Sleeping minds: prepare to be hacked. For the first time, conscious memories have been implanted into the minds of mice while they sleep. The same technique could one day be used to alter memories in people who have undergone traumatic events.
When we sleep, our brain replays the day’s activities. The pattern of brain activity exhibited by mice when they explore a new area during the day, for example, will reappear, speeded up, while the animal sleeps. This is thought to be the brain practising an activity – an essential part of learning. People who miss out on sleep do not learn as well as those who get a good night’s rest, and when the replay process is disrupted in mice, so too is their ability to remember what they learned the previous day.
Karim Benchenane and his colleagues at the Industrial Physics and Chemistry Higher Educational Institution in Paris, France, hijacked this process to create new memories in sleeping mice. The team targeted the rodents’ place cells – neurons that fire in response to being in or thinking about a specific place. These cells are thought to help us form internal maps, and their discoverers won a Nobel prize last year.
Benchenane’s team used electrodes to monitor the activity of mice’s place cells as the animals explored an enclosed arena, and in each mouse they identified a cell that fired only in a certain arena location. Later, when the mice were sleeping, the researchers monitored the animals’ brain activity as they replayed the day’s experiences. A computer recognised when the specific place cell fired; each time it did, a separate electrode would stimulate brain areas associated with reward.
When the mice awoke, they made a beeline for the location represented by the place cell that had been linked to a rewarding feeling in their sleep. A brand new memory – linking a place with reward – had been formed.
This must be the place
It is the first time a conscious memory has been created in animals during sleep. In recent years, researchers have been able to form subconscious associations in sleeping minds – smokers keen to quit can learn to associate cigarettes with the smells of rotten eggs and fish in their sleep, for example.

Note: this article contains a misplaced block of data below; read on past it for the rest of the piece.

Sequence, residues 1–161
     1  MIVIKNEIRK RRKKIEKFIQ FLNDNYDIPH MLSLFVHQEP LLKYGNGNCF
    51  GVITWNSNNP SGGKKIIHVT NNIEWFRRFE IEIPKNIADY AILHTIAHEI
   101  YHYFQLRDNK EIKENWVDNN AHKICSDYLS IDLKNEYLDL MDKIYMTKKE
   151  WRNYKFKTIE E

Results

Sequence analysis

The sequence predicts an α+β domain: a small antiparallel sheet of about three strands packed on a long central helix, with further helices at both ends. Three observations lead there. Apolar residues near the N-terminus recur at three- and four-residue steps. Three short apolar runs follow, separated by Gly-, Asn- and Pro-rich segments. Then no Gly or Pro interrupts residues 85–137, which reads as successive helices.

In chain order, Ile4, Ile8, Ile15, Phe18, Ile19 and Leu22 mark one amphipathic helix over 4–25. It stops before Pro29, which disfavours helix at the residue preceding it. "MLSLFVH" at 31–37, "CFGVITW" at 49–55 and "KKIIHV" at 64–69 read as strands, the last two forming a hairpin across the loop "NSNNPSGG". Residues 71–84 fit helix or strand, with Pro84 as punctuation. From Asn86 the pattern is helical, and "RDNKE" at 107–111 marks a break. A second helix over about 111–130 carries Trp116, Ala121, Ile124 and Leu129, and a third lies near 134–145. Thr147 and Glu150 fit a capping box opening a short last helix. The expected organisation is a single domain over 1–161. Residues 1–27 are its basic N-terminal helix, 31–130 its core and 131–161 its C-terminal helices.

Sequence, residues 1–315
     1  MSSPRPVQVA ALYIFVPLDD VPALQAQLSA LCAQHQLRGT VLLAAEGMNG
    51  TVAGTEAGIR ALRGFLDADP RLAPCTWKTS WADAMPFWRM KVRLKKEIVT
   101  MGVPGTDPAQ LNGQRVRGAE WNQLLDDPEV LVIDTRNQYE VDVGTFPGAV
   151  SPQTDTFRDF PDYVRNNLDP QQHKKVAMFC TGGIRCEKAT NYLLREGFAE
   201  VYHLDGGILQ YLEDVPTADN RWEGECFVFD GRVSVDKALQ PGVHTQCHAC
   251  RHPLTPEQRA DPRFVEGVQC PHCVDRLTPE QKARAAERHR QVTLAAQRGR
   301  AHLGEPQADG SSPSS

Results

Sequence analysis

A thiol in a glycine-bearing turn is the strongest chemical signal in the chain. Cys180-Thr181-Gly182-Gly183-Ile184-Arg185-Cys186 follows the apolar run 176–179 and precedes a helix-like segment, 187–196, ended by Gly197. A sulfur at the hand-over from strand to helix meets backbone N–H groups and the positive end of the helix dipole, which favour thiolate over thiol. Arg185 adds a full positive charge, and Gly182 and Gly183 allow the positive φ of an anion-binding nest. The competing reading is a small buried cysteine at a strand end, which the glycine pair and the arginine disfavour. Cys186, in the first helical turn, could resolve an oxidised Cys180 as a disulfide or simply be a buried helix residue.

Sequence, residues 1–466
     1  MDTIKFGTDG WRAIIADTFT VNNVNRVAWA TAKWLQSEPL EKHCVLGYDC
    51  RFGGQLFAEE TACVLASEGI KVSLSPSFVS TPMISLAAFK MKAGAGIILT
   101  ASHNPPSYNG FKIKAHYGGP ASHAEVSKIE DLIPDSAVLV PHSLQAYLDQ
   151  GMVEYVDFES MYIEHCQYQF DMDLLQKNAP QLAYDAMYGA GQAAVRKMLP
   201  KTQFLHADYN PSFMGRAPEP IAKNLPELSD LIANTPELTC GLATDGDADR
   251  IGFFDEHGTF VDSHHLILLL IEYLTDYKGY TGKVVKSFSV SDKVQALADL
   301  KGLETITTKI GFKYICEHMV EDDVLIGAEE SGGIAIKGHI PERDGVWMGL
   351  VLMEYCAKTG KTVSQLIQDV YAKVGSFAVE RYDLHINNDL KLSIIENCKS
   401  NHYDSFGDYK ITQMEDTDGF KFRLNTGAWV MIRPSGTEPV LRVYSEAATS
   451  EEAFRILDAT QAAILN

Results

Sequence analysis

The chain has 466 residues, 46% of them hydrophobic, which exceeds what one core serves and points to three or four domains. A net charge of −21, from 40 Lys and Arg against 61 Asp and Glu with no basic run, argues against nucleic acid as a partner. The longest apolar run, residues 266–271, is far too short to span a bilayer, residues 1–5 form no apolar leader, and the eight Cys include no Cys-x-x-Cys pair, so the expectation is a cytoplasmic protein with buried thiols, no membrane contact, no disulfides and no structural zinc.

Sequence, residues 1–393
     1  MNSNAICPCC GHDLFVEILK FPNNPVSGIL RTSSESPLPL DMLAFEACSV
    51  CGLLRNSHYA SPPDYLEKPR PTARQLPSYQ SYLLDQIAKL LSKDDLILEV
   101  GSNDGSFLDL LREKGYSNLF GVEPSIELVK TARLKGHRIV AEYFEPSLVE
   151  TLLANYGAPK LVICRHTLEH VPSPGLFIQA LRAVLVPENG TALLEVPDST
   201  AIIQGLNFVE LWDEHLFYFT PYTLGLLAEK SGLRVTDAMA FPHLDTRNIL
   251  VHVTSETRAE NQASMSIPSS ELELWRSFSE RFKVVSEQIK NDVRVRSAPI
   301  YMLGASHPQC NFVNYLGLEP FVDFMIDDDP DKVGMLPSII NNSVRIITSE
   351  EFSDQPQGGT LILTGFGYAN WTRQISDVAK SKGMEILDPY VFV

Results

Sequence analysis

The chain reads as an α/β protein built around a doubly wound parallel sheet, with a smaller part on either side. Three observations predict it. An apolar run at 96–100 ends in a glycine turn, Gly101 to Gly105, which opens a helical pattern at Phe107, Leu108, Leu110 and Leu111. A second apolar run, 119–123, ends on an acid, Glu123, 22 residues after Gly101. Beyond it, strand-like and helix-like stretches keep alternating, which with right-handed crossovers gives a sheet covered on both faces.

Previous work suggested that if this kind of subconscious learning had occurred in Benchenane’s mice, they would have explored the arena in a random manner, perhaps stopping at the reward-associated location. But these mice headed straight for the location, suggesting a conscious memory. “The mouse develops a goal-directed behaviour to go towards the place,” says Benchenane. “It proves that it’s not an automatic behaviour. What we create is an association between a particular place and a reward that can be consciously accessed by the mouse.”
“The mouse is remembering enough abstract information to think ‘I want to go to a certain place’, and go there when it wakes up,” says neuroscientist Neil Burgess at University College London. “It’s a bigger breakthrough [than previous studies] because it really does show what the man in the street would call a memory – the ability to bring to mind abstract knowledge which can guide behaviour in a directed way.”
Benchenane doesn’t think the technique can be used to implant many other types of memories, such as skills – at least for the time being. Spatial memories are easier to modify because they are among the best understood.
His team’s findings also provide some of the strongest evidence for the way in which place cells work. It is almost impossible to test whether place cells function as an internal map while animals are awake, says Benchenane, because these animals also use external cues, such as landmarks, to navigate. By specifically targeting place cells while the mouse is asleep, the team were able to directly test theories that specific cells represent specific places.
“Even when those place cells fire in sleep, they still convey spatial information,” says Benchenane. “That provides evidence that when you’ve got activation of place cells during the consolidation of memories in sleep, you’ve got consolidation of the spatial information.”
Benchenane hopes that his technique could be developed to help alter people’s memories, perhaps of traumatic events (see “Now it’s our turn”, below).
Loren Frank at the University of California, San Francisco, agrees. “I think this is a really important step towards helping people with memory impairments or depression,” he says. “It is surprising to me how many neurological and psychiatric illnesses have something to do with memory, including schizophrenia and obsessive compulsive disorder.”
“In principle, you could selectively change brain processing during sleep to soften memories or change their emotional content,” he adds.